Ink is the main gimmick Splasher, letting you traverse the levels in more unique ways and help solve puzzles for collectibles. However, the ink is also something the game never really nails. Throughout the game, your collection grows as you collect the 3 main types of ink. The progression of giving you this ink overtime rather than giving you all the abilities at the start. This is a common motif in games that I’ve never really been a fan of, because it personally makes me feel as if I’m playing two thirds of the game with an incomplete moveset and makes the earlier levels less fun as a result. The game never uses the ink to its fullest potential either, since after a level or two after getting a new type of ink, it becomes apparent that the level design can only think of the same few scenarios to use the ink in. It comes off as very repetitive as a result, and I think changing the layouts of the levels slightly or allowing for more experimental ways to play around with the ink would have been for the better.
The gameplay is another very noticeable downside to Splasher, with its fast and slippery movement, a lack of control in the air in certain circumstances, and a jump that feels like its arc was cut in half. These issues wouldn’t be much of a bother if the game were made for it, but Splasher takes inspiration from the more modern design philosophy of platformers to be more difficult, like Super Meat Boy, Celeste, or The End Is Nigh and it doesn’t gel well with the level design, making the difficulty seem like an afterthought. I found multiple points where deaths felt cheap or even unfair, resulting in many restarts within big chunks of the levels. The number of times I had to slow down in the middle of a fast jump to land on a platform was absurd and ruined the overall flow of the game. However, the gameplay really starts to take a nosedive when these issues are combined with the ink mechanic. Aiming the ink uses the same stick that you use to move, with no option to stay still while doing so. This is used to create a ‘think on your feet’-type of pace to the game, but since you go so fast this causes more issues than anything else, and the amount of times I found my ink would just not aim correctly resulted in handfuls of deaths that really tested my patience.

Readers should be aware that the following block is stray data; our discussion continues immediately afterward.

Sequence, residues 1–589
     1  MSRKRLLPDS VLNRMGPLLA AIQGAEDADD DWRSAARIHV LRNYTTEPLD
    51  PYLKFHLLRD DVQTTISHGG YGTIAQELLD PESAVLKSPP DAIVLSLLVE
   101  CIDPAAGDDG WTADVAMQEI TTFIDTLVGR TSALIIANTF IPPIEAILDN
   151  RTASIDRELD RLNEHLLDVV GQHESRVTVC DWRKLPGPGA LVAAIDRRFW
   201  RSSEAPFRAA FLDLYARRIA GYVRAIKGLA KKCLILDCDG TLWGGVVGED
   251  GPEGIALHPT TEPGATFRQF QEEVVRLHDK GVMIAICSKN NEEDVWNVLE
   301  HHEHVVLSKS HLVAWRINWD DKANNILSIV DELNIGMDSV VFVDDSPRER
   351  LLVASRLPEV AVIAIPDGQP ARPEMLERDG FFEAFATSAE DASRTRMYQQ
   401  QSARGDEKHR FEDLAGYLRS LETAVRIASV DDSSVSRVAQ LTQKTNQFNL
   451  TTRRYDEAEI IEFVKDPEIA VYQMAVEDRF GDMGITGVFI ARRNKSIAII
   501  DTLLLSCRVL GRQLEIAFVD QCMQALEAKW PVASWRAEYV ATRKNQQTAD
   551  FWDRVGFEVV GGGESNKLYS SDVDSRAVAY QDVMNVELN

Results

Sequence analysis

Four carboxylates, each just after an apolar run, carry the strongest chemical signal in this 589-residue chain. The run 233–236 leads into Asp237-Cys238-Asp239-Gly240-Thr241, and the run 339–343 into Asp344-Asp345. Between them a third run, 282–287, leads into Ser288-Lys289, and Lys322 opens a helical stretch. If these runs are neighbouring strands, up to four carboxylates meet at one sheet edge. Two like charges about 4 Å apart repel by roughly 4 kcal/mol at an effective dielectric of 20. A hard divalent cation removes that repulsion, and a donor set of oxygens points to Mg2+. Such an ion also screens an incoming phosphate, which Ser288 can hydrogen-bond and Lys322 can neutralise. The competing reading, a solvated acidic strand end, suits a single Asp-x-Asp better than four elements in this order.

It's not really fair to compare Splasher to the team’s previous work on Rayman Legends. Splasher has its own unique gameplay, design, and is overall going for something completely different but even disconnecting it from Rayman, it still feels disappointing. I hate being negative about something that very clearly has a lot of passionate people working on it, but Splasher had too many kinks that I think could be ironed out before it could have been something truly great. I hope the team is able to make a sequel to this game that can address these issues and turn it into something truly worthwhile (which I have hope for because I’ve heard the studio’s other game, Tinykin, is pretty good!), but for now, Splasher remains a disappointing first go for the studio due to its overall lack of polish, variety, and engaging gameplay.
(special thanks to my friend ConeCvltist who helped me out a ton making this review)

kind of like death grips.......

This is actually a more "first impressions" type of review than anything else. Jackbox games, as party games, are meant to be replayed and I have only played each of them once. So my thoughts could definitely change in the future but for now heres the games and my thoughts on them
Fibbage 4 - In Fibbage 4 you gotta try and trick people in to picking your answer for a prompt while also not falling into anyone else's question. 1 truth, all lies. I love fibbage, so this was a guaranteed solid pick. Lying is fun especially about stupid things so bringing that into form with a party game turns out really well as well as making for some really fun trivia, if you couldn't guess by this being the 4th iteration of the game. I think this has to be my favorite Fibbage presentation-wise, it's all very clean and has more variety than other fibbages. One minute you'll be going from France to a TV watching a movie on VHS. The final round is also my favorite in fibbage, the whole 2 questions, 1 lie gimmick is fun, although a bit confusing on the first go round. Very solid time, definitely deserves to be a staple of jackbox. 9/10